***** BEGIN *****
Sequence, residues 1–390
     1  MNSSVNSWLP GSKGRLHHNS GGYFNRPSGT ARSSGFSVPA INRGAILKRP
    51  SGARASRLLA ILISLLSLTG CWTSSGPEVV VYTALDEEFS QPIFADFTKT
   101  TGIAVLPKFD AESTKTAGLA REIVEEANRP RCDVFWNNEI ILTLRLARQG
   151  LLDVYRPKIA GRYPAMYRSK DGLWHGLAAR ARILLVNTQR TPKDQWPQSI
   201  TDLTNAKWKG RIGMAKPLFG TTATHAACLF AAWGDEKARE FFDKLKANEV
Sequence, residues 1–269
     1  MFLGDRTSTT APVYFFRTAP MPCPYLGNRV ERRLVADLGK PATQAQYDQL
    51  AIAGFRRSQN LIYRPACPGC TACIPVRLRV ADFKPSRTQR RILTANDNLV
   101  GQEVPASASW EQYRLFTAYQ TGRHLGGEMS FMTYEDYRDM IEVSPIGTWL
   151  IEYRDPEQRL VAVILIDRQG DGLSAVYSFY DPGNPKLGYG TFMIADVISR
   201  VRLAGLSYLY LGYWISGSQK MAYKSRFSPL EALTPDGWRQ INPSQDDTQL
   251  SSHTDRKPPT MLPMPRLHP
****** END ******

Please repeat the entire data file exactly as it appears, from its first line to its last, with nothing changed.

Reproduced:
Sequence, residues 1–390
     1  MNSSVNSWLP GSKGRLHHNS GGYFNRPSGT ARSSGFSVPA INRGAILKRP
    51  SGARASRLLA ILISLLSLTG CWTSSGPEVV VYTALDEEFS QPIFADFTKT
   101  TGIAVLPKFD AESTKTAGLA REIVEEANRP RCDVFWNNEI ILTLRLARQG
   151  LLDVYRPKIA GRYPAMYRSK DGLWHGLAAR ARILLVNTQR TPKDQWPQSI
   201  TDLTNAKWKG RIGMAKPLFG TTATHAACLF AAWGDEKARE FFDKLKANEV
Sequence, residues 1–269
     1  MFLGDRTSTT APVYFFRTAP MPCPYLGNRV ERRLVADLGK PATQAQYDQL
    51  AIAGFRRSQN LIYRPACPGC TACIPVRLRV ADFKPSRTQR RILTANDNLV
   101  GQEVPASASW EQYRLFTAYQ TGRHLGGEMS FMTYEDYRDM IEVSPIGTWL
   151  IEYRDPEQRL VAVILIDRQG DGLSAVYSFY DPGNPKLGYG TFMIADVISR
   201  VRLAGLSYLY LGYWISGSQK MAYKSRFSPL EALTPDGWRQ INPSQDDTQL
   251  SSHTDRKPPT MLPMPRLHP